A rare, benign tumor that grows in the pancreas may give doctors the tools they need to help people with diabetes make more insulin. These tumors are called insulinomas because they secrete the hormone insulin in excessive amounts. People with diabetes don‘t have enough insulin to cover their bodies’ basic needs for the hormone.
The researchers thought by mapping the genetic makeup of insulinoma tumors, they might come up with the genomic recipe for regenerating the beta cells that produce insulin. And if they could use that “recipe” to make a drug that would trigger the body to make insulin, they could treat — or possibly even reverse — diabetes.
The study’s senior author, Dr. Andrew Stewart, said the researchers have mapped approximately 90 insulinoma tumors at this point, but only 38 were included in the current study. He directs the Diabetes, Obesity and Metabolism Institute at the Icahn School of Medicine at Mount Sinai in New York City.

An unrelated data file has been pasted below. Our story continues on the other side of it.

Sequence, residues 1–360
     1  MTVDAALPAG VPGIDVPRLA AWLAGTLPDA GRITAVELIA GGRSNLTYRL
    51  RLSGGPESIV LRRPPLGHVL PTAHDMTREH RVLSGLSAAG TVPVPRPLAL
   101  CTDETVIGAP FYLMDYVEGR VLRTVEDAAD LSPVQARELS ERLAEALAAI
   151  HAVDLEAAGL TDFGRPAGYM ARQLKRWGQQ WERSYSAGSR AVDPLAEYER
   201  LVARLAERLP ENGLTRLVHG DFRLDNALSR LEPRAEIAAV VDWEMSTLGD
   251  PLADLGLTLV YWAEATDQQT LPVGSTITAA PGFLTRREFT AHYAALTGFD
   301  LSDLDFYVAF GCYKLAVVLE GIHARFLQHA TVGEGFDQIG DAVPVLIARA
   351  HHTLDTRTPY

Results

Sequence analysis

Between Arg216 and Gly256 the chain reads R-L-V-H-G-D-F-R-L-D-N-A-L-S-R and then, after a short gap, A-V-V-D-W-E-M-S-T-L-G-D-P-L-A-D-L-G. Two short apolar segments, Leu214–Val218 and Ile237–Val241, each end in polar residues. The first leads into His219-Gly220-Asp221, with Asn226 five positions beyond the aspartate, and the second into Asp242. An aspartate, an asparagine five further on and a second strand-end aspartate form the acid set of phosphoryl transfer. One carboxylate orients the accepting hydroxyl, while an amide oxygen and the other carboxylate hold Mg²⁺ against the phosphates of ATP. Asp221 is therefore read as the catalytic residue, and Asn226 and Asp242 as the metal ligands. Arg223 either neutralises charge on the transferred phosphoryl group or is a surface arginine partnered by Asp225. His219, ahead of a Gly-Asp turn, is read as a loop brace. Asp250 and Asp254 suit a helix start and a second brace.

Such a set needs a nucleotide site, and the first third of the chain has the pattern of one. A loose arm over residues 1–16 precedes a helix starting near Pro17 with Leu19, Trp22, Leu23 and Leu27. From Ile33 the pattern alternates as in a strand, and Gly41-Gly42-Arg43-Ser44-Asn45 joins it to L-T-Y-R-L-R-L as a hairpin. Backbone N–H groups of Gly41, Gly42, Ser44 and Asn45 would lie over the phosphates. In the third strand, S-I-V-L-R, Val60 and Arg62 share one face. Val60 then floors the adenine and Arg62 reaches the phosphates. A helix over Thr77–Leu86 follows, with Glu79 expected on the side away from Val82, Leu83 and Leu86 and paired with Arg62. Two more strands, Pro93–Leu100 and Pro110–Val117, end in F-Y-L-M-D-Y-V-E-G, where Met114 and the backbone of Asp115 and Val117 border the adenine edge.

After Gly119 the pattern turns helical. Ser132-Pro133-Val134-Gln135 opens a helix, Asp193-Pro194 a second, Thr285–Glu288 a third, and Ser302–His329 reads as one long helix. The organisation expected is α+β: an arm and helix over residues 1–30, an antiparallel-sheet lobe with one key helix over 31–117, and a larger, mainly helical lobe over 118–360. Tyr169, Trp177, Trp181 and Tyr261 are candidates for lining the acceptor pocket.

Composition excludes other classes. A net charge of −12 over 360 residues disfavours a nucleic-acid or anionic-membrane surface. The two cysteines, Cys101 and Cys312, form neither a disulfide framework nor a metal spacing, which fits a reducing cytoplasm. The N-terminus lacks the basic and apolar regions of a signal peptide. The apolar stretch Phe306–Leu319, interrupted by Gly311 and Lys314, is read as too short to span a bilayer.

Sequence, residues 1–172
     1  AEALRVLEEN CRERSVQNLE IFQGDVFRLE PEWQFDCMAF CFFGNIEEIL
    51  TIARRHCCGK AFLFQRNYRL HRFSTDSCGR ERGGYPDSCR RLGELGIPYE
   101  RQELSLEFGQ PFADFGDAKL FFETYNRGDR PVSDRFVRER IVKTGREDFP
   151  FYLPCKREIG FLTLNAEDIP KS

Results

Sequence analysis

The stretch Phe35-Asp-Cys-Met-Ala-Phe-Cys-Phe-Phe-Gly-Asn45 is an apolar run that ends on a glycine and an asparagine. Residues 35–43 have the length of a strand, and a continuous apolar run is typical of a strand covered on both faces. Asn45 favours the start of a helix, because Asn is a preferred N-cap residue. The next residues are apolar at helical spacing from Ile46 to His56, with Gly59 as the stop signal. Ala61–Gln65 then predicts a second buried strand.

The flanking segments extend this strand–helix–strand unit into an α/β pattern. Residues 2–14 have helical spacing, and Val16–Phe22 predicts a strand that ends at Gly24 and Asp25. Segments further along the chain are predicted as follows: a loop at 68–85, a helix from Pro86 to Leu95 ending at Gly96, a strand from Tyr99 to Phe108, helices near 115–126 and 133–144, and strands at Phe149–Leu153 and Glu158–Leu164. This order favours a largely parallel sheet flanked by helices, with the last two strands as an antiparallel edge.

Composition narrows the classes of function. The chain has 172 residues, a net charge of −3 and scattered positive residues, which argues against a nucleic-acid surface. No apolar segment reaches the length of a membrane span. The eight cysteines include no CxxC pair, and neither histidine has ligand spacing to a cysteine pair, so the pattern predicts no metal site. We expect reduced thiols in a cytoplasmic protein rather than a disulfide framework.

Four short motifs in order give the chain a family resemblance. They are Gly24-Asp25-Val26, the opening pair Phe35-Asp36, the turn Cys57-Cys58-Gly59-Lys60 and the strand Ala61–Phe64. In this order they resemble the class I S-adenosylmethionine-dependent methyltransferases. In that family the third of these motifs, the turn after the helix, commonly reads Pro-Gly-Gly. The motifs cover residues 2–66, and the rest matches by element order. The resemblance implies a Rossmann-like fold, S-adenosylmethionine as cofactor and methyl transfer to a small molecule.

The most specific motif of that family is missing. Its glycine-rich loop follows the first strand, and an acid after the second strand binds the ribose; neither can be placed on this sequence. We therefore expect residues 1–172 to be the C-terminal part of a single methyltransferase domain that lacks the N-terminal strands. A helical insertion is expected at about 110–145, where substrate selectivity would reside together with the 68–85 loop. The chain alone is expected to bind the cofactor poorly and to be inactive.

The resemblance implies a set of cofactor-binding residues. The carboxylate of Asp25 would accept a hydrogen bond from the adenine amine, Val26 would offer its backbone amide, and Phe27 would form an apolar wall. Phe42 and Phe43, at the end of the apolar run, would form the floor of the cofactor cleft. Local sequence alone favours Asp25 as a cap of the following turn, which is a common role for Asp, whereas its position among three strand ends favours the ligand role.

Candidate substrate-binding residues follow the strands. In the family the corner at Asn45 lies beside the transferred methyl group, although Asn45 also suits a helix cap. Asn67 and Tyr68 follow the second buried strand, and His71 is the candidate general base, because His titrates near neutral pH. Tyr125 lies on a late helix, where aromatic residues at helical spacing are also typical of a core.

Insulin, which is made in the pancreas, is used to usher the sugar from foods into the body’s cells to be used as energy. People with type 2 diabetes are resistant to the effects of insulin, and may not make enough insulin. About 29 million people in the United States have this type of diabetes, which is associated with obesity and a sedentary lifestyle.
Type 1 diabetes is an autoimmune disease that causes the body to mistakenly destroy insulin-producing beta cells. People with type 1 diabetes must replace that lost insulin through injections or an insulin pump. Approximately 1.25 million Americans have type 1 diabetes, according to the American Diabetes Association.